CAVA RCT sets stage for pivot to PORTs as central venous access devices of choice


The CAVA (Central venous access devices for the delivery of systemic anticancer therapy) randomised controlled trial (RCT), just published in The Lancet, has revealed that totally implanted ports (PORTs) are more effective and safer than both Hickman-type tunnelled catheters and peripherally inserted central catheters (PICCs). These findings provide important high-quality evidence from more than 1,000 patients to steer choice. Currently, PICCs are by far a dominant strategy in the West, and PORTs the least frequently used of the three devices. “Decision-making processes behind the choice of device are poorly understood globally,” the authors report, but the ease with which PICCs are inserted by nurse-led teams may favour their regular use.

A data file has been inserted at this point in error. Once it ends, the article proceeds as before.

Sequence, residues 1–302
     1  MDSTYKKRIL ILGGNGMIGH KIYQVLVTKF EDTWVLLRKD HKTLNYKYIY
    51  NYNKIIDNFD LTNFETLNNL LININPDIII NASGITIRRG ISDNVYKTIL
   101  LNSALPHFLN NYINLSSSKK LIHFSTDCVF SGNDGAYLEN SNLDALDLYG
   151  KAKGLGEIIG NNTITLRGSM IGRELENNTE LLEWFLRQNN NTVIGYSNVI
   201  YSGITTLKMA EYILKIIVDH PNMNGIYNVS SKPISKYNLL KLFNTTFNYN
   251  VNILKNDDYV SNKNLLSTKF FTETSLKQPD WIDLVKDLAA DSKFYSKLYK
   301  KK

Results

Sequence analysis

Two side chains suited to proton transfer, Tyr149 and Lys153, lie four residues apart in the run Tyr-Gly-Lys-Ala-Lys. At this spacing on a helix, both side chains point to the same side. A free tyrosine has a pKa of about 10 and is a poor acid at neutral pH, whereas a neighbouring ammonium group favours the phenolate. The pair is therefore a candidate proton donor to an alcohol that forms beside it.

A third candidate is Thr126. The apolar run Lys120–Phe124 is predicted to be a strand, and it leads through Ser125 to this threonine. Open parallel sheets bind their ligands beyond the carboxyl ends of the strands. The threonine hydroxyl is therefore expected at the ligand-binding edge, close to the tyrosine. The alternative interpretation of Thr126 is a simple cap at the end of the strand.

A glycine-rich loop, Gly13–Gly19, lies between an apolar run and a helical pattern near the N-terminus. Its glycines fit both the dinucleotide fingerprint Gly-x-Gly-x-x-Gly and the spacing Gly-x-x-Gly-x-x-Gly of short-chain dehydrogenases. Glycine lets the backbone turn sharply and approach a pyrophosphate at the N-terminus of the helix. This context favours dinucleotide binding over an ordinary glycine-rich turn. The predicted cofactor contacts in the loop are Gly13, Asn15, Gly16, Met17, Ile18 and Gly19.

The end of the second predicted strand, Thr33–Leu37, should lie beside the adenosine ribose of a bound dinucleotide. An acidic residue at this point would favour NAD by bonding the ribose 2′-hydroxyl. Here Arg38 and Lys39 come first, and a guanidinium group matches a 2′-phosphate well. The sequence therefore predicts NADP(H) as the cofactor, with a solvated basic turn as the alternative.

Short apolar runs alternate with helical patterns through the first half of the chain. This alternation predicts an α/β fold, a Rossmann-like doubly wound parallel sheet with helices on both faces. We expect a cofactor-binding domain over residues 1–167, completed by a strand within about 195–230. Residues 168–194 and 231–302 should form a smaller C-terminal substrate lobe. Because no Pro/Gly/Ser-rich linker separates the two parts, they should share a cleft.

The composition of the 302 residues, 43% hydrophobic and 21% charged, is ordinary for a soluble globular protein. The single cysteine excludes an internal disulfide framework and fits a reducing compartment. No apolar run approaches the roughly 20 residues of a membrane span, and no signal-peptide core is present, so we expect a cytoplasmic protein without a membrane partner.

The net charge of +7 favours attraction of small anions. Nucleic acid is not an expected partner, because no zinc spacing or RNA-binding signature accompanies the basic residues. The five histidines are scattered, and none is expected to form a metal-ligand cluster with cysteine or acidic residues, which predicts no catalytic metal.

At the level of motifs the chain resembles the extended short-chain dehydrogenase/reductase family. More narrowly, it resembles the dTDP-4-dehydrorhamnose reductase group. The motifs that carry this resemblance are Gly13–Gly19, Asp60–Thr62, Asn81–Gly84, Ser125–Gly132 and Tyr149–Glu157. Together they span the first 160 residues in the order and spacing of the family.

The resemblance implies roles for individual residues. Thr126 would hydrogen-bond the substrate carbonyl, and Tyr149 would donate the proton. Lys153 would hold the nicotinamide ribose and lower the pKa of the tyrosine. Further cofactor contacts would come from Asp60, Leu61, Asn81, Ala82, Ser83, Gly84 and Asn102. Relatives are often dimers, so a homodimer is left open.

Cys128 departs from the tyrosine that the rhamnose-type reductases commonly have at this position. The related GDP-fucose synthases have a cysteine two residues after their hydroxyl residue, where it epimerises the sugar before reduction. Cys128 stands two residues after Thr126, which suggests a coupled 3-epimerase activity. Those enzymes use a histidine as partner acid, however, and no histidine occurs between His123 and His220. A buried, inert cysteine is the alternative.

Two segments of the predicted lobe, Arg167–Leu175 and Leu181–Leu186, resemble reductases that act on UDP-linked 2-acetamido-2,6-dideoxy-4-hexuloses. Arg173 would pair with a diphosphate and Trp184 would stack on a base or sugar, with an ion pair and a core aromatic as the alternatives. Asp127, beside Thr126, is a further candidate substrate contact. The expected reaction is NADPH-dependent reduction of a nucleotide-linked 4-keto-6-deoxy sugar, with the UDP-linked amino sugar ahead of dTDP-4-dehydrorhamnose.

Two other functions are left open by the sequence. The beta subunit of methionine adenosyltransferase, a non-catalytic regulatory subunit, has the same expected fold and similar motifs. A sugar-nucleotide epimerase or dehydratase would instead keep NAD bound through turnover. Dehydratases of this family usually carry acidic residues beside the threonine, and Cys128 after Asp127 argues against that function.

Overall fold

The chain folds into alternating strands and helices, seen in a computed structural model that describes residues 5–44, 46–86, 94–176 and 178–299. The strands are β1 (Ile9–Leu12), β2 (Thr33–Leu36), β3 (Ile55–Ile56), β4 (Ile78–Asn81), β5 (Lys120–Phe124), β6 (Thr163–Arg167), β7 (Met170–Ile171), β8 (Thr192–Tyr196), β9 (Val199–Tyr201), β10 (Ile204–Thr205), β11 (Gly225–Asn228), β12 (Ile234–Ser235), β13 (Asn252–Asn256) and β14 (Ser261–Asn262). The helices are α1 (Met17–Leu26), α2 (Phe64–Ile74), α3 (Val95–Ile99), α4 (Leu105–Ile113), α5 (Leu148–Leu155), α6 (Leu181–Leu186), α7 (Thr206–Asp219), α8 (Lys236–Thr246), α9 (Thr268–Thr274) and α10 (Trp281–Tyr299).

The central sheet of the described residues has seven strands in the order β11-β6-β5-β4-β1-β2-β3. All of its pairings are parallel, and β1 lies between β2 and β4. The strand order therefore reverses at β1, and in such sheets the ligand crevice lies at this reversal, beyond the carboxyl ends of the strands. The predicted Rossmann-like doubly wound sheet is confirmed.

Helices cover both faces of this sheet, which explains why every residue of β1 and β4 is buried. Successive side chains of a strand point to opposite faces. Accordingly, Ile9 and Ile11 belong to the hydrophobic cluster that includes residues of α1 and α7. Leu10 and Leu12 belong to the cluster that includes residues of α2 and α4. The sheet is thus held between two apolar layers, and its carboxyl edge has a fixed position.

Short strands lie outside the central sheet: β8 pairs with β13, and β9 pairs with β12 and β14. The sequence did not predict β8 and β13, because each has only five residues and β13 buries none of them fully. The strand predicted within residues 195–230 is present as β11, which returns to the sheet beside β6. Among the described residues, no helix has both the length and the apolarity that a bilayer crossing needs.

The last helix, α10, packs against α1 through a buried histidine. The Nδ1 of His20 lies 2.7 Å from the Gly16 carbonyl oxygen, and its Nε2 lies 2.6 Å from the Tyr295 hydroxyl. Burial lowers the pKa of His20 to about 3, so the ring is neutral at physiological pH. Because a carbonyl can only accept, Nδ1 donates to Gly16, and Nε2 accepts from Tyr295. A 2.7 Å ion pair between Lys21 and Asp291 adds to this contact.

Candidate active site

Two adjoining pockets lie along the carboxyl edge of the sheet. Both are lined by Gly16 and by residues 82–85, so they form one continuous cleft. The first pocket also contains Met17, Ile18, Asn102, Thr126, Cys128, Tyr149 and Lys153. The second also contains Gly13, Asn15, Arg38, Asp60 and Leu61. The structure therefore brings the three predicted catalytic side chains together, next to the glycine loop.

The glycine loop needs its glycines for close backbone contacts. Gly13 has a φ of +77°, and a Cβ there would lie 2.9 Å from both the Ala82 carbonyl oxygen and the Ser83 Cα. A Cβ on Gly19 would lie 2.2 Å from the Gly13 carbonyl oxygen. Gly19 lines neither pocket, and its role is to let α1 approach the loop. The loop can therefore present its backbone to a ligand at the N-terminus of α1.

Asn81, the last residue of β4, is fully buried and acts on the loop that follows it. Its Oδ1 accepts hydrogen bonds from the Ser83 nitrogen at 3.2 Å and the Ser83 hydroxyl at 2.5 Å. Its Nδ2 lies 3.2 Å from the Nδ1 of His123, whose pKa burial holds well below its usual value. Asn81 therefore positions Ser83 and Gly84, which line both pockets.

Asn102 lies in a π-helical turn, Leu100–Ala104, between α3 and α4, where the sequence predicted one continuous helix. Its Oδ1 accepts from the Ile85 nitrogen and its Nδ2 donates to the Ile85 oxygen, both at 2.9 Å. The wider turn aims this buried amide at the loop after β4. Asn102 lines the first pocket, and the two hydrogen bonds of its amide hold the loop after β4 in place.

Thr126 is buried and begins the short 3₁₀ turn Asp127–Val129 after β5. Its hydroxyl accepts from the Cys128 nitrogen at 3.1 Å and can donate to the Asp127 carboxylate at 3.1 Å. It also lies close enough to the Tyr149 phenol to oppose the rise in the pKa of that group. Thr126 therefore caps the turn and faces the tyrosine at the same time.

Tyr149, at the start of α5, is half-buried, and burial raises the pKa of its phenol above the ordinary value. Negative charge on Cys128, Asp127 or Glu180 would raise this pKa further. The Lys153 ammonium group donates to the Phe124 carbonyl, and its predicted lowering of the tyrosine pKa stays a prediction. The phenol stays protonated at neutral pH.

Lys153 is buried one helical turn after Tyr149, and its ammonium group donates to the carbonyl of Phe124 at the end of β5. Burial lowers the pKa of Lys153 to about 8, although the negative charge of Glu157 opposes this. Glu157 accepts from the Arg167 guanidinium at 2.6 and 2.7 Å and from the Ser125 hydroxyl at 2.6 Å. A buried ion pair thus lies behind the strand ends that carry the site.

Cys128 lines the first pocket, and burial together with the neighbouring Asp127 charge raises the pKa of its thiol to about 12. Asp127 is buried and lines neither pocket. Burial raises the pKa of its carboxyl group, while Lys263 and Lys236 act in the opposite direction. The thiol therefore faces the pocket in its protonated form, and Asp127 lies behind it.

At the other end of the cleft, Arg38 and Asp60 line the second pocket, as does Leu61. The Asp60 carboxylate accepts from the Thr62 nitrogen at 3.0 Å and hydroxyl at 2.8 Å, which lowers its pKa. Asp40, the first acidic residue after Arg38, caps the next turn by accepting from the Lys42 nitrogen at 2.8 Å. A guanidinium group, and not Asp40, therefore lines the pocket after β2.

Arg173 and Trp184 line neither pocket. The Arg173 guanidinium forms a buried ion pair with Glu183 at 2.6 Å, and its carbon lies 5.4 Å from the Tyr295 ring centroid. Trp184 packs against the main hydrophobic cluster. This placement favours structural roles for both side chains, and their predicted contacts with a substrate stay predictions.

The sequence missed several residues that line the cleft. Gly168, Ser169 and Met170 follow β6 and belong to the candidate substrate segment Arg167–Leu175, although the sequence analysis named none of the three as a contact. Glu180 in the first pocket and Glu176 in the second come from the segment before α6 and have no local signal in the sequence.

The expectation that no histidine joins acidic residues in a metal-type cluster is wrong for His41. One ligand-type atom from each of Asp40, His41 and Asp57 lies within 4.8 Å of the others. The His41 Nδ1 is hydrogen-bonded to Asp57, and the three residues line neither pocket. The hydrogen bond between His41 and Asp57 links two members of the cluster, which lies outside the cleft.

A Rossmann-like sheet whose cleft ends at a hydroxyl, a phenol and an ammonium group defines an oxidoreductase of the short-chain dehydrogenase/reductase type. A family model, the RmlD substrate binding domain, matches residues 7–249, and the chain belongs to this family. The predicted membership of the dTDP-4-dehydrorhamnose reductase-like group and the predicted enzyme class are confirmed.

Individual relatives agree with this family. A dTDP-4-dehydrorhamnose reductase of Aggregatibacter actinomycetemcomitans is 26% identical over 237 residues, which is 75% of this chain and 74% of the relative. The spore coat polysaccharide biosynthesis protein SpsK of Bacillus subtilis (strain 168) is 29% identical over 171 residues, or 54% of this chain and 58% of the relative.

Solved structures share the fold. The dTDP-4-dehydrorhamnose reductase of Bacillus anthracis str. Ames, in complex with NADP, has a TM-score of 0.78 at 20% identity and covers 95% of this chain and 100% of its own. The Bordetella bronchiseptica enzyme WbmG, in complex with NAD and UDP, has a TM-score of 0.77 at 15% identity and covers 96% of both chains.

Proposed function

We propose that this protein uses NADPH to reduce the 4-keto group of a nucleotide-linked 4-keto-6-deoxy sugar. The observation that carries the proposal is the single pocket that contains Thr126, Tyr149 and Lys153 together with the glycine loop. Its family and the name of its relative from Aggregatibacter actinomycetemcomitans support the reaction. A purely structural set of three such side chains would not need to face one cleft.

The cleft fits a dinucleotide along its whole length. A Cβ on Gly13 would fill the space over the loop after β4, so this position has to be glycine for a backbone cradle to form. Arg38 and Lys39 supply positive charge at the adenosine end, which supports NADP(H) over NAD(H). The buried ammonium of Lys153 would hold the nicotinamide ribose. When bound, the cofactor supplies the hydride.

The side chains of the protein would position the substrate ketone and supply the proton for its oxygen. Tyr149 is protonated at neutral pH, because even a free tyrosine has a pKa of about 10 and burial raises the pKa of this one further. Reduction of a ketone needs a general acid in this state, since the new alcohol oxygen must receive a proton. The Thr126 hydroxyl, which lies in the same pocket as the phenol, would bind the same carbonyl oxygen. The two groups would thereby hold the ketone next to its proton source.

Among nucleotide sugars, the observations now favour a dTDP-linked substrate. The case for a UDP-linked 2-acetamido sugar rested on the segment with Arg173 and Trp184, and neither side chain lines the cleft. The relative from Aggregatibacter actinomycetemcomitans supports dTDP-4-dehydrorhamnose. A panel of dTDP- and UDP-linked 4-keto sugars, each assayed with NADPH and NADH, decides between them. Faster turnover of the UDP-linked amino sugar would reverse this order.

Jonathan G Moss (Institute of Cardiovascular and Medical Sciences, Glasgow, UK), chief investigator of the National Institute of Health Research- (NIHR-) funded trial, tells Interventional News that despite the higher upfront costs associated with PORTs and the fact that they are relatively more difficult to place, most patients receiving systemic anticancer treatment for solid tumours for more than three months should receive a PORT within the UK National Health Service.

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